I was told that less than 6 Albania people in country were Christian when it opened. I don’t know if that is true but what is true is that the Albanian people were held back from actualizing their true potential all based on the notion of atheism through Communistic dictatorship for 40 years.
The Imam approached me with zealousness in his eyes. His words were loud and they were directed at me. My Albanian team told me he was threatening my life and that if I showed the film, he was going to come back and shoot us with his shotgun. I protested. I said there was nothing to fear from this film and didn’t even his scriptures acknowledge Jesus? I had the permission of the mayor, even if withdrawn, and the village people were gathering, wanting to see the film. Why was he blocking it?
The argument intensified and so did my passion. However, from the edge of the green there came another commotion. This time one of my teammates was involved. The Imam had already stormed away readying himself to realize his threat – no doubt if he failed to do what he said, his reputation would be lost. He must have felt we were a real threat to his leadership and way of life – I felt like we were allowing people to make up their own minds. I was determined to show the film and risk an encounter.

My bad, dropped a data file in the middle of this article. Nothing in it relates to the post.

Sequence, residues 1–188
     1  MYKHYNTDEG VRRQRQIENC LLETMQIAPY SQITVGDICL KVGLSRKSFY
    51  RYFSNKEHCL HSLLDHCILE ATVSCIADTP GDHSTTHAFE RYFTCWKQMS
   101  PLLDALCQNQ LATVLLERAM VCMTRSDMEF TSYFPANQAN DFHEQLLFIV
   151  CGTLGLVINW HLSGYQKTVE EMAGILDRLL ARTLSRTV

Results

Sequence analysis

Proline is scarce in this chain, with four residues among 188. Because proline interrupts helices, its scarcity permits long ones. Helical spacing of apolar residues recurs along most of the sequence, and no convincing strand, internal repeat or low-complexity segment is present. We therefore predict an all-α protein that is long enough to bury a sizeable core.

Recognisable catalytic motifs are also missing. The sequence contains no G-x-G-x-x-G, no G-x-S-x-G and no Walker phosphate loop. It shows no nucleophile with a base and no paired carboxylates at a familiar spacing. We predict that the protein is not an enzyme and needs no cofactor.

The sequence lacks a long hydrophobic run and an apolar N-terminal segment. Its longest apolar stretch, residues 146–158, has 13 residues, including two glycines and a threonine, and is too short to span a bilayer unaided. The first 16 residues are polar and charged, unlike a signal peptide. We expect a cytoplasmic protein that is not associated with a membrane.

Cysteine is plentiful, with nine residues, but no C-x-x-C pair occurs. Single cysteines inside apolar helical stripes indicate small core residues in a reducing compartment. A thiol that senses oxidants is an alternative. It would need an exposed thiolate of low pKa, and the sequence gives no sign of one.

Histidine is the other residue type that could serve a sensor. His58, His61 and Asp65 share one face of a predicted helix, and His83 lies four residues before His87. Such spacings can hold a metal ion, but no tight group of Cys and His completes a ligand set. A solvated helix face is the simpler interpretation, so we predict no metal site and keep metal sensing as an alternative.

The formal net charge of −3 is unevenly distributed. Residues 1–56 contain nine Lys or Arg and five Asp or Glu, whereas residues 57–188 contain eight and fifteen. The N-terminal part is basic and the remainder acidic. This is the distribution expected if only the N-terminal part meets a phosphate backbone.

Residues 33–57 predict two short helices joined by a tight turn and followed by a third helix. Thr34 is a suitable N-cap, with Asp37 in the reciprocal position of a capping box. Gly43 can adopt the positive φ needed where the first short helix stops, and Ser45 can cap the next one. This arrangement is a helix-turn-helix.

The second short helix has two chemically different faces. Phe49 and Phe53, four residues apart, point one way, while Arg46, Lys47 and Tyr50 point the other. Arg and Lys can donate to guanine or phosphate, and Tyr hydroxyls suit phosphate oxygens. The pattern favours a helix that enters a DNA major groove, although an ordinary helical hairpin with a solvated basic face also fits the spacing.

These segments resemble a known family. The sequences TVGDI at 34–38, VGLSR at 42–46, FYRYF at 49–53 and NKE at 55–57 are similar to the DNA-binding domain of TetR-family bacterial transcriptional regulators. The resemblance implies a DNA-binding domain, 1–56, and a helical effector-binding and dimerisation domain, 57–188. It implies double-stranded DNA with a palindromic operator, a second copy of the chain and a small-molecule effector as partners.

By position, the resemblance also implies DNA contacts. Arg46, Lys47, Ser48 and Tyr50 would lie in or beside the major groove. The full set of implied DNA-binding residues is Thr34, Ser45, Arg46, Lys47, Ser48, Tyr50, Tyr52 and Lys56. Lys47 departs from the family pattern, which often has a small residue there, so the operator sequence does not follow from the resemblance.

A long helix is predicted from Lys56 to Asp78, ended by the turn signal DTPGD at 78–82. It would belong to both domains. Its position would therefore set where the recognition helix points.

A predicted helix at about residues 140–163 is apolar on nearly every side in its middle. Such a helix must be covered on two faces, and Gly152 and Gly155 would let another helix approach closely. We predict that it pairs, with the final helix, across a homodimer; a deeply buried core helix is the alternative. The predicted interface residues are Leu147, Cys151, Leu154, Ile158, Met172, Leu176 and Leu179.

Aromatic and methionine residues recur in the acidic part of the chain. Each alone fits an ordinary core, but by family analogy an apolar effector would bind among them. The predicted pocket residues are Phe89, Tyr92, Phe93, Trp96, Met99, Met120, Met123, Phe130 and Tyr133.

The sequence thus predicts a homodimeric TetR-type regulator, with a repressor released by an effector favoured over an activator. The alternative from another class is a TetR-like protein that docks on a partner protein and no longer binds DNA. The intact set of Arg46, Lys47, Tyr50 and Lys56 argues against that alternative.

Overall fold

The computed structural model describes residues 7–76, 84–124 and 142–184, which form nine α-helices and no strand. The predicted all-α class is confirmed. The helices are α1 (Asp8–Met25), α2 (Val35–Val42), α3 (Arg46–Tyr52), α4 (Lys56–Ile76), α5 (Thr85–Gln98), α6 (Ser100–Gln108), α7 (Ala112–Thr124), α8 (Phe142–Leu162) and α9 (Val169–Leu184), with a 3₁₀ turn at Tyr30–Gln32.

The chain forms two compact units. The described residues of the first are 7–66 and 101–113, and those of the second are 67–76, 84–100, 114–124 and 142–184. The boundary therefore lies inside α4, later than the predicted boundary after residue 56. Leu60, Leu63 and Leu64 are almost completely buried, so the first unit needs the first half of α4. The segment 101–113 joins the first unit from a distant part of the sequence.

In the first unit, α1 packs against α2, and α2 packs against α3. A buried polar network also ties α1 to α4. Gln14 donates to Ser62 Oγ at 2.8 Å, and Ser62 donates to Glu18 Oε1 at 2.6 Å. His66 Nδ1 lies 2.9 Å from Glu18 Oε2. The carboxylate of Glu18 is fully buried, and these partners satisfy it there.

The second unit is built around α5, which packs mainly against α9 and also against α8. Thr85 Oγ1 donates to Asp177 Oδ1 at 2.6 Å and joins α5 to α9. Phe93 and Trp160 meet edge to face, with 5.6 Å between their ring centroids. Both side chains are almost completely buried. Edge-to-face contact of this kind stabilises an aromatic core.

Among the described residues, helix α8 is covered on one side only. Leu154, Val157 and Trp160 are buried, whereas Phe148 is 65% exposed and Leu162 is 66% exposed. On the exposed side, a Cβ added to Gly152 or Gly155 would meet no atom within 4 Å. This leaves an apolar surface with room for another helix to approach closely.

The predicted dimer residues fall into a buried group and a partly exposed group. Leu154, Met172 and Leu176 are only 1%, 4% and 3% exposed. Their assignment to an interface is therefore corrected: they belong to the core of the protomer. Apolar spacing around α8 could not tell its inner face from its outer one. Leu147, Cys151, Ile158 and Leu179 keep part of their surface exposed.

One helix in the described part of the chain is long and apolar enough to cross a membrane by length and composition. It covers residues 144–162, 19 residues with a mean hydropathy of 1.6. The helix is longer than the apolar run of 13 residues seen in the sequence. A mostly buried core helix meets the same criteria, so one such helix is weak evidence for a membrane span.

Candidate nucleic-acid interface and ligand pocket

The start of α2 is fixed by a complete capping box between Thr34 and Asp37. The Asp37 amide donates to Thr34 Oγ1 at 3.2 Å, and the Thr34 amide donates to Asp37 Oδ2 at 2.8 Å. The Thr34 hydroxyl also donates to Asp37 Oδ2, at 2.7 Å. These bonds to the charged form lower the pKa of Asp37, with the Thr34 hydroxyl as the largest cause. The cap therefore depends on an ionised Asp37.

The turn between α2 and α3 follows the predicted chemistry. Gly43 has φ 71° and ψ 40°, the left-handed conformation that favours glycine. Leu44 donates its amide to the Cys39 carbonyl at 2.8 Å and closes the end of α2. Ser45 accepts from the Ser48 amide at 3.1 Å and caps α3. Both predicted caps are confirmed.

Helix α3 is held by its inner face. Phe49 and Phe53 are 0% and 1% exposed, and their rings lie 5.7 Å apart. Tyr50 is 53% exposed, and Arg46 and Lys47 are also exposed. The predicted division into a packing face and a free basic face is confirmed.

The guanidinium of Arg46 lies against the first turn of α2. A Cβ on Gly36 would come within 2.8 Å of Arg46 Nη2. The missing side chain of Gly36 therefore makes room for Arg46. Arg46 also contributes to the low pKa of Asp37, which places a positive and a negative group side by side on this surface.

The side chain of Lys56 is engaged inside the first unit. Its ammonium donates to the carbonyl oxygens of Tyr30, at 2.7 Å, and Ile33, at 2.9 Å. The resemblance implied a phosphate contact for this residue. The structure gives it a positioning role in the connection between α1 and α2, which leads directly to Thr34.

The second commotion, I came to find out, was generated from another villager. The village man told my teammate it was true that the Imam would kill us and that just last week the nearest village on the next ridge stabbed a Dutch Christian missionary and stripped his clothes naked as they literally kicked and stoned him out of town. The village man reasoned for peace, for tolerance, and for our safety with all passion he could muster. He offered his protection and his hospitality. He offered his besa.
The Albanian besa. What a beautiful thing.
We agreed to go with the man offering his besa, but I didn’t know what it meant – my Albanian teammates did though. The man urged us away because, by giving his besa, he now was between us and the Imam – he was putting his life on the line for us, the strangers. We packed up our things, explained we were sad to not show the film that many had gathered to see, and said our farewells. I was pretty upset about the whole thing and my teammates prayed and helped me along as we walked from the green to the man’s house down the mountainside through narrow village streets.
He explained he would take care of us. He explained, his home was our home. He said, anything we wanted he would get it for us. He even said he would ask many village men to stand watch all night long to protect us. And that is what he did.